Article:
An invasion of monsters or a gift to a northern nation?

It all started with nine crabs in the year 1960. The Russian Jurij Ilarionvitsj Orlov travelled to the Japanese Ocean, caught nine red king crabs,…

It all started with nine crabs in the year 1960.

The Russian Jurij Ilarionvitsj Orlov travelled to the Japanese Ocean, caught nine red king crabs, brought them home and let the crabs go in the Barents Sea.

The reason?

The Soviet authorities’ idea of food-production for the people.

At first, the crabs didn’t do particularly well.

For 15 years, few fishermen, if any, saw any evidence of the gigantic creature.

But after that, the population began to grow quite fast and it also began to spread out. Since 1992, its abundance in Norwegian waters has been on a steady increase.

In fact, it appears the crabs really do like the Barents Sea.

They also like the Norwegian coast.

More and more of them are discovered popping up and ruining fishermen’s nets further south and west along the Norwegian coast.

Media interest in these crabs has been large, and understandably so, according to a Norwegian scientist Jan H. Sundet at the Institute of Marine Research in Tromsö in Norway.

“This is good-news stuff,” said Sundet at a course meant for Nordic journalists that I attended in Norway recently. “The crab tastes good; it comes from far away; it is big and particularly monster-like.”

With fully grown male crabs weighing up to 12 kilograms, his words are no understatement.

Sundet added that though most journalists use headlines like “Giant Crab Invasion” and “Norway’s Coastal Life Endangered,” the Norwegians are actually in the process of learning how earn big bucks with the creatures.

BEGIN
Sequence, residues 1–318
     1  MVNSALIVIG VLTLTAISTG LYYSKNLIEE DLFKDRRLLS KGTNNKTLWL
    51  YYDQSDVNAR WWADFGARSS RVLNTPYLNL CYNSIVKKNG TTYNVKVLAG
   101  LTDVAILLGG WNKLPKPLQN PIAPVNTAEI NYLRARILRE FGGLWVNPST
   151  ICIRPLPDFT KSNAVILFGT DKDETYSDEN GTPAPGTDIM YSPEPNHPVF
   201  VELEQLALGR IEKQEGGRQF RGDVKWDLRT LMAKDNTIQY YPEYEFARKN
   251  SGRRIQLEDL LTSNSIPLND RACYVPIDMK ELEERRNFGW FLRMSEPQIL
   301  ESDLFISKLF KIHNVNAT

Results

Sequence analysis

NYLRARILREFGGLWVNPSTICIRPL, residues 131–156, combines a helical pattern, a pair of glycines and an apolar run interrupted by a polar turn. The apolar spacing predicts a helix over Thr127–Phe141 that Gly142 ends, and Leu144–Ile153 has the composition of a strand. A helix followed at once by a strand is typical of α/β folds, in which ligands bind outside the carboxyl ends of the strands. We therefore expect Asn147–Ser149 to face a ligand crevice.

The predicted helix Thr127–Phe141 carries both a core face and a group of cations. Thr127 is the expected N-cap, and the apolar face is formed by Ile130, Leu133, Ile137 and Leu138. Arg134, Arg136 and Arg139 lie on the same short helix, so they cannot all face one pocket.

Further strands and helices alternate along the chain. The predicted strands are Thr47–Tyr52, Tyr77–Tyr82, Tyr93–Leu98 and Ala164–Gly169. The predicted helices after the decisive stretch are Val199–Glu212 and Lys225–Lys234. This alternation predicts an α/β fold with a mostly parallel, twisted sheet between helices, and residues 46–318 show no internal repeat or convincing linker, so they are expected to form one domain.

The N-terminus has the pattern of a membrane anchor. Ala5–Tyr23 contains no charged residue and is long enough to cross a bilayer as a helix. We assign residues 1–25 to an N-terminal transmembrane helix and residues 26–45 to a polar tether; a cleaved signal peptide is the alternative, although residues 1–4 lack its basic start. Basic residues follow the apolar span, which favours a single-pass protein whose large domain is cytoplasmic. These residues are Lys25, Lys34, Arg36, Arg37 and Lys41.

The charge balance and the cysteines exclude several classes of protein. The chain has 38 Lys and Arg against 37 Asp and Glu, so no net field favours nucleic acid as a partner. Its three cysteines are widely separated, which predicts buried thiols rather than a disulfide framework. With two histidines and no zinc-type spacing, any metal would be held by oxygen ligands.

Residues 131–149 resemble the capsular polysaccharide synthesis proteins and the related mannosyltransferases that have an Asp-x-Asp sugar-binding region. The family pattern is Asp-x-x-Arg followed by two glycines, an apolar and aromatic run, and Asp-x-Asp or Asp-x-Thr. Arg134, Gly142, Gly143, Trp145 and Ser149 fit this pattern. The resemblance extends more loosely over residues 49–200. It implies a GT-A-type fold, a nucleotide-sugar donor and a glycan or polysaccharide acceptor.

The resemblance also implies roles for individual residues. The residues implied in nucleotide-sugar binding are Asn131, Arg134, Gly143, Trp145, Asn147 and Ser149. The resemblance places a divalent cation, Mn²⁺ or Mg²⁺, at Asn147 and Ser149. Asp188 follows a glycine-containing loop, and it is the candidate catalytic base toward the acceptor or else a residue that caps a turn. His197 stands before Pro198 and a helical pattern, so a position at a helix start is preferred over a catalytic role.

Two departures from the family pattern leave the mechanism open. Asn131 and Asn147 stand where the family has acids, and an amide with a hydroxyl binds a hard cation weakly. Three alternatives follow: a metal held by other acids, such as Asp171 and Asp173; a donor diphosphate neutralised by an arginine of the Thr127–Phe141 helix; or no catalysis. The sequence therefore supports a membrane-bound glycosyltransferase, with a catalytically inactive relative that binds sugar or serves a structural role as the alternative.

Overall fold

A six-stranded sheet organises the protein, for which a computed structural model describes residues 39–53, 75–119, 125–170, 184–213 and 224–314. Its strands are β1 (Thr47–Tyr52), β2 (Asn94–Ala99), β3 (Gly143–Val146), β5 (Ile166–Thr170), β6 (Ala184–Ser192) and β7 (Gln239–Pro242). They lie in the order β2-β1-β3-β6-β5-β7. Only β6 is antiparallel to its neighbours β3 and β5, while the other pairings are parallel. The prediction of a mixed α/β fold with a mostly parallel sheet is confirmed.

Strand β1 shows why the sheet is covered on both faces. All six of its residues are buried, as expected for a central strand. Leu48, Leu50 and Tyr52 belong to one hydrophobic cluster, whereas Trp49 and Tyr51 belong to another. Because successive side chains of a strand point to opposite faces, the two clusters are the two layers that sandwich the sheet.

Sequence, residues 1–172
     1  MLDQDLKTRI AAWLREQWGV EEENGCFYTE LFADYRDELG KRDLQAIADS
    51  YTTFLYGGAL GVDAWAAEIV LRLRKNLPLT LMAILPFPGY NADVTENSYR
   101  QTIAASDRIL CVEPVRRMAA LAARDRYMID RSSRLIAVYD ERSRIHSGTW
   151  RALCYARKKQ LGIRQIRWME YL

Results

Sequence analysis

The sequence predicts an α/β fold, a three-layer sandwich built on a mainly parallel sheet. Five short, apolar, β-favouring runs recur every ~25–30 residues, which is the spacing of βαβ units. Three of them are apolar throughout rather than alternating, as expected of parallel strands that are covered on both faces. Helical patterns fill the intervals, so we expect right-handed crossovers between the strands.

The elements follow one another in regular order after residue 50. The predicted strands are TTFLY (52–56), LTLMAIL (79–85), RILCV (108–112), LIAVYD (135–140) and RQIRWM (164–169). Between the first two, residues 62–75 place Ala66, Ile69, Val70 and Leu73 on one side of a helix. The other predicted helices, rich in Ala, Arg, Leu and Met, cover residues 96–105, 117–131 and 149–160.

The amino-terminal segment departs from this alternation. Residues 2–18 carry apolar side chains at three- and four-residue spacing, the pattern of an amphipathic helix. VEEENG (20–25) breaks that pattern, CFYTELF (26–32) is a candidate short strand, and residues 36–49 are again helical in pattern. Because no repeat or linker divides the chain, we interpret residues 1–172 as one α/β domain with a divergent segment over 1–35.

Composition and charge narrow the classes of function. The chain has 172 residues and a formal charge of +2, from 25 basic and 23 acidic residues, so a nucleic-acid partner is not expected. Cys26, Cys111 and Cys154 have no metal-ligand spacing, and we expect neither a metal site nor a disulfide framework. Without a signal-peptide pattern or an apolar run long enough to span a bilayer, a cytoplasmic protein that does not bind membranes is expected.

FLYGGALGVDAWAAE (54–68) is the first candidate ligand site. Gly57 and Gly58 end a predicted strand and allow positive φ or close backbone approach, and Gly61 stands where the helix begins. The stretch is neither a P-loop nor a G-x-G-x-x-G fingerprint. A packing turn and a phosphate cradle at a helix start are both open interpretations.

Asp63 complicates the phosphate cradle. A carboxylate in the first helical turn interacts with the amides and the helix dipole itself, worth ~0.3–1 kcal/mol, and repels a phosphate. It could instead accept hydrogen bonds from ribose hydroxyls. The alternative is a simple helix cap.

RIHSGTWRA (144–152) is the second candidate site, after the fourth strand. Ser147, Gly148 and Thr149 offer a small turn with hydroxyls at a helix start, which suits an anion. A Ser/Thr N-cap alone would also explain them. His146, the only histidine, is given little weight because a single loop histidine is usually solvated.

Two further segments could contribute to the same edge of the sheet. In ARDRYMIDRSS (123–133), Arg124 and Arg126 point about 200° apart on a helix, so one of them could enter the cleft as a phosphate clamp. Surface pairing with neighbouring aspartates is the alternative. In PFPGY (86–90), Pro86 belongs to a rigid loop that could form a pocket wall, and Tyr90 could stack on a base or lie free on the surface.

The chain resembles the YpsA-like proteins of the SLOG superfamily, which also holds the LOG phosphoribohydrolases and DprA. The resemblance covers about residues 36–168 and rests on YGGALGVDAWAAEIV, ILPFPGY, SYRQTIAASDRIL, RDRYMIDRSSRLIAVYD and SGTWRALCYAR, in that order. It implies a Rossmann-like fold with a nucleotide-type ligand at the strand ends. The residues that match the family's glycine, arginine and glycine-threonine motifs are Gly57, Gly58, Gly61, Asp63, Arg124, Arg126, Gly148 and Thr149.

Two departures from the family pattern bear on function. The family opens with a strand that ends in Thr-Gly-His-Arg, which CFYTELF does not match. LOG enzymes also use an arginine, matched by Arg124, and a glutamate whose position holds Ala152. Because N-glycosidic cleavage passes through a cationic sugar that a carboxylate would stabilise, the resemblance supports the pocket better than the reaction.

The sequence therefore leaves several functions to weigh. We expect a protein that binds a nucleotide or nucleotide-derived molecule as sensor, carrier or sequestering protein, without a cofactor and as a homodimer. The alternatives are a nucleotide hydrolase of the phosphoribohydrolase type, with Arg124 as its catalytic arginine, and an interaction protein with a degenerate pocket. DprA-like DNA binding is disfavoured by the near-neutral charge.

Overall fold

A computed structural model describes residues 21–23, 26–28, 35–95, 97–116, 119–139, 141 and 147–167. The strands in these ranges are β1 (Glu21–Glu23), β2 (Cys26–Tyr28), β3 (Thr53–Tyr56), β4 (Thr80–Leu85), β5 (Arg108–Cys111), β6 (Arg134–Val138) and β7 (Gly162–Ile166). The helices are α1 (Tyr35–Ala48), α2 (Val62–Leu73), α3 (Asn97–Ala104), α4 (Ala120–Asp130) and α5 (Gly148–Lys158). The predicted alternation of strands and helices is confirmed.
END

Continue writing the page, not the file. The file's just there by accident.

In 2002, the ministry of Fisheries and Coastal Affairs opened for commercial catch of the crabs, and since then, the Norwegian quota has increased from 100,000 crabs in 2002, to 200,000 crabs in 2003, and 280,000 crabs in 2004.

The total income from the industry now sits at well over 100 million Norwegian kroners and the red king crab has thus become an important income for many fishermen in the northern part of Norway.

The authorities have given a major consideration to the interests of those fishermen who have been most negatively affected by the problems of crab by-catch, which were mainly fishermen where the crab began to appear first in the 1970s.

So by now, few Norwegian fishermen speak of stopping the invasion, as it is a futile task.

Instead, the government pours resources into catching the crab, as well as learning about its lifespan, reproductive habits, food preference, depth preferences and its ability to travel.

The Institute of Marine Research has discovered that a single crab can travel up to four nautical miles in a year, can live at 400-metre depth and thrives 12 nautical miles from shore.

Furthermore, one female crab can have up to 100,000 babies at a time, which the current then might take and carry to far-away places.

In other words, there is no way of foretelling where the crab’s migration will stop.

Much has been speculated upon its effects upon nature.

“Though it must have effects, no evidence has been found that suggest these are negative,” said Sundet.

He explained how scientists now closely watch life at the bottom, as the crab eats just about anything it comes upon, including fish eggs and plant life.

They’re particularly worried that the red king crab will eliminate all other marine life on the seabed in the Barents Sea, leaving an “underwater desert” in its wake.

Though studies are not conclusive, this appears not to be the case.

Indeed, preliminary investigations in Norwegian waters show no significant effects on the fauna, neither on species abundance nor on their composition.

However, these, and countless other, studies are still ongoing, said Sundet.

“You see, we can’t stop it, so we better get to know it,” he said.

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